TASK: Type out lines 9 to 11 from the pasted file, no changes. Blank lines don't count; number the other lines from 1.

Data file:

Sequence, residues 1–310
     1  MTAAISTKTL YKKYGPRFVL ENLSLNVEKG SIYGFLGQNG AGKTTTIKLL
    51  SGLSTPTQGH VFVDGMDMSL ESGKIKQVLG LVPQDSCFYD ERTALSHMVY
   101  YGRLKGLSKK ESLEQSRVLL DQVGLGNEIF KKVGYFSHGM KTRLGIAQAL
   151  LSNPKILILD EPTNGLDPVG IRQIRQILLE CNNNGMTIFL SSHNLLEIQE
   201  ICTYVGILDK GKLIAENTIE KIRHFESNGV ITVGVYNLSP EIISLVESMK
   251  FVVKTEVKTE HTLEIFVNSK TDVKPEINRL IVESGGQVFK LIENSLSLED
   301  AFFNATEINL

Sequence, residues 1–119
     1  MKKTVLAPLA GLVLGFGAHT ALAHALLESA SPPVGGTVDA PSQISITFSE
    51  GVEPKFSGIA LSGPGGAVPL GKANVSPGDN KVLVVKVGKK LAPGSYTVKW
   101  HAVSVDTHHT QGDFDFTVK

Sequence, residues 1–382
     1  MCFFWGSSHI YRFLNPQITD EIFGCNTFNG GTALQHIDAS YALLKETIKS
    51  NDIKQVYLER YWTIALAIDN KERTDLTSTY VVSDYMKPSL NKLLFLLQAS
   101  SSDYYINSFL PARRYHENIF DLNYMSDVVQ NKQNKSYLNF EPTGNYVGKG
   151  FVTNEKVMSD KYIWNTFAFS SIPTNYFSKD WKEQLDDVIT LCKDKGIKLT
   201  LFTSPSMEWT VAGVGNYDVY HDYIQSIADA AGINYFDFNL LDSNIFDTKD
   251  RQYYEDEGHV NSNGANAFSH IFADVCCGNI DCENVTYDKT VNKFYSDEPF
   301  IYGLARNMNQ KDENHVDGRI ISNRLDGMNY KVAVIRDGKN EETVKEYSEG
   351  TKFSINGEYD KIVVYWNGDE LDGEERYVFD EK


Sequence, residues 1–119
     1  MKKTVLAPLA GLVLGFGAHT ALAHALLESA SPPVGGTVDA PSQISITFSE
    51  GVEPKFSGIA LSGPGGAVPL GKANVSPGDN KVLVVKVGKK LAPGSYTVKW